Review: Pegasus by Robin McKinley

Let’s all take a moment to observe the pretty cover. The colours, the font, the background… it’s beautiful. I don’t think I’ve seen such a nice one all year. Now I’m not saying it’s the complete and total reason I bought the book… except yeah, I kind of am. So sue me.

On her twelfth birthday, Princess Sylviianel is ceremonially bound to her own Pegasus, Ebon. For a thousand years humans and pegasi have lived peacefully in the beautiful green country beyond the wild lands. They rely on human magicians and pegasi shamans as their only means of real communication – but not Sylvi and Ebon. Their friendship is like no other. . .
They can understand each other. But as their bond grows more powerful, it becomes dangerous – could their friendship threaten to destroy the peace and safety of their two worlds?
I’ve come to the conclusion that it’s possible for one person to have two opinions about one book. The first is formed when you’re actually sat there reading it – you notice the clunky dialogue, awkward phrases and plot holes and it bugs you to form a negative impression. The second opinion comes much later when you’ve finished reading and it’s more about the overall feel of the book. You’ve forgotten about those little niggles and so it’s generally much more favourable.
That’s what happened with Pegasus. It felt like I was reading it forever and there were so many little things that irritated me that I half-seriously considered feeding it to my cat and having done with it. It’s a few hours on now and I feel much better disposed to it. Maybe it’s just because I connect it with that beautiful cover, but I’m almost willing to ignore my ranty notes from earlier.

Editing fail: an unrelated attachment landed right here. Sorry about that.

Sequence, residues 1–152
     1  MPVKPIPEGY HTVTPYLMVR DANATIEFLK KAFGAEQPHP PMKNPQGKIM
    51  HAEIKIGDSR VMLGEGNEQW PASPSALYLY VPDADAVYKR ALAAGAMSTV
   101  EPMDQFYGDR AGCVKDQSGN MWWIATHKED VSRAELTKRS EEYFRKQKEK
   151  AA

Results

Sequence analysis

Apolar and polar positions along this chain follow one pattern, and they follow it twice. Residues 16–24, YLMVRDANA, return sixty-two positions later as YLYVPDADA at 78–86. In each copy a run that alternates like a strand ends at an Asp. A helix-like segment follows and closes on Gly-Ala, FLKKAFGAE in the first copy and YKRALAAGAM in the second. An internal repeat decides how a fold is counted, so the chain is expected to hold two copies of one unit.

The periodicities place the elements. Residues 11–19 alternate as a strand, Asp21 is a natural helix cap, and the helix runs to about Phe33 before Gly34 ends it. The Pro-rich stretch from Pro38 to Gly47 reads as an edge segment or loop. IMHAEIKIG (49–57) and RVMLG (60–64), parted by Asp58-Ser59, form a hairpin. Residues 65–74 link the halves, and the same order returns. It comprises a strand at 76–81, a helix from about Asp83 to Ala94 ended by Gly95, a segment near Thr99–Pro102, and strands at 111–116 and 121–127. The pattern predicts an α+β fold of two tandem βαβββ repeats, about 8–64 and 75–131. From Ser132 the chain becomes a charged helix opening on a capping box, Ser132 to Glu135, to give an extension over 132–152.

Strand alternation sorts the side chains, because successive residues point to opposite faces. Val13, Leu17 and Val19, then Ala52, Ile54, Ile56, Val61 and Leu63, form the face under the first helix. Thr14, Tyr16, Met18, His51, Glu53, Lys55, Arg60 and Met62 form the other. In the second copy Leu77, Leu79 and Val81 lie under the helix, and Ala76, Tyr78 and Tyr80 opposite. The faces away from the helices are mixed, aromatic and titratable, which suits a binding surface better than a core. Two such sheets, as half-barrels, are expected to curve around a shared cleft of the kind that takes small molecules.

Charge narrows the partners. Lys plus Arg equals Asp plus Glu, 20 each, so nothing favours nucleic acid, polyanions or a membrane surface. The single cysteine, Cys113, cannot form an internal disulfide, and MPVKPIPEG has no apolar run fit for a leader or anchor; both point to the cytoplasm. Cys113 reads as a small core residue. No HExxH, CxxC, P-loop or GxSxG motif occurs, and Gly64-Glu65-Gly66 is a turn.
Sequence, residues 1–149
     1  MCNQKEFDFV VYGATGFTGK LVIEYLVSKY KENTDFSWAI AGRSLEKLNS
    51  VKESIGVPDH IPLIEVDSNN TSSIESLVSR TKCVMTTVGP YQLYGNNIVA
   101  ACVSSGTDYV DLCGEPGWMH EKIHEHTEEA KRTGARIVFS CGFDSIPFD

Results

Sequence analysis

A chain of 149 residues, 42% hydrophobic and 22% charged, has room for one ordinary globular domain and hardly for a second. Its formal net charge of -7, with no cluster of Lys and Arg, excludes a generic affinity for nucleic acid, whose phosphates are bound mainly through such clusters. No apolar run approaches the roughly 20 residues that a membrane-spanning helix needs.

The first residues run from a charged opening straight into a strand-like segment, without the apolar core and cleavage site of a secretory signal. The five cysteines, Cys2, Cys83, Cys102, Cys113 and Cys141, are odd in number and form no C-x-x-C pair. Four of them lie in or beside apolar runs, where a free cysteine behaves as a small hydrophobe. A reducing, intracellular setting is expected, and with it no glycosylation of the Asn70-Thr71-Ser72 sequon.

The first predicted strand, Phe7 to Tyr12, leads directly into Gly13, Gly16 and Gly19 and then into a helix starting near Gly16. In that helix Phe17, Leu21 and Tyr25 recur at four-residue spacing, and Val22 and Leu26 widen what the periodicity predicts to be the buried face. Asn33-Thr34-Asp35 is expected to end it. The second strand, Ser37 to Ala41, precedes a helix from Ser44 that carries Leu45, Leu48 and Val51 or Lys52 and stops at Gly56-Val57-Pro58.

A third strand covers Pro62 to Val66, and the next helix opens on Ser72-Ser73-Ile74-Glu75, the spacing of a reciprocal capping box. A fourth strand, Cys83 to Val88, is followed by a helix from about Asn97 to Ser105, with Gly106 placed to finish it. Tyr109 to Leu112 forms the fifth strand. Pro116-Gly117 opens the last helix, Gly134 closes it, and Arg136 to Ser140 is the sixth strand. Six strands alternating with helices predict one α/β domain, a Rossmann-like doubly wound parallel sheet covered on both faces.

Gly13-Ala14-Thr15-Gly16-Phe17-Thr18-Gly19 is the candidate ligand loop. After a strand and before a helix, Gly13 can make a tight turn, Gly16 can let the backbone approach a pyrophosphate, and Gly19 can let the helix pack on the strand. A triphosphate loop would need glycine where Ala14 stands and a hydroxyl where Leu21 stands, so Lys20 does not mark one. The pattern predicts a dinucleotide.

I said almost. My main issue was the inherent jumpiness of it. It’s bad enough that Sylvi and Ebon’s mind-speech isn’t distinguished from the normal text in any way, but the narrative meanders all over the place too. So you’ll have the Princess sat in her room talking to Ebon which is basically just normal text phrased in the Second Person, but then she’s suddenly in the past and five minutes later she’s back in her room but musing to herself. It just doesn’t indicate when it’s changed from story to mind-speech to memory. It’s horribly confusing.

I know, said Ebon. But after yesterday… if you said you wanted to be empress they’d say, Oh, okay, what do you want your crown to look like? And even if you’d hated everything you saw here and stopped talking to me too… we’d still haul you to the Caves and shove you in, because we promised.

There isn’t much of a discernible plot – I think it tries to cover too many different sub-plots instead of focusing on just one. I know there’s a second part to come, but not until 2014 apparently. It’s a shame because I really liked the cliff-hangerish ending and it surprised me a little – it didn’t fit with the rest of the book, but in a good way.

It never really decided how it wanted the pegasi to be either. Sometimes they’re treated like honoured guests, others like trusted friends and sometimes like unintelligent pets. This would have been fine if it was trying to make a point about the undecided social status of the pegasi, but I don’t think it was. I liked Ebon mostly, but I expected him to act a little more like an adult. He even calls Sylvi ‘babe’ at one point, to my present and ever-lasting horror.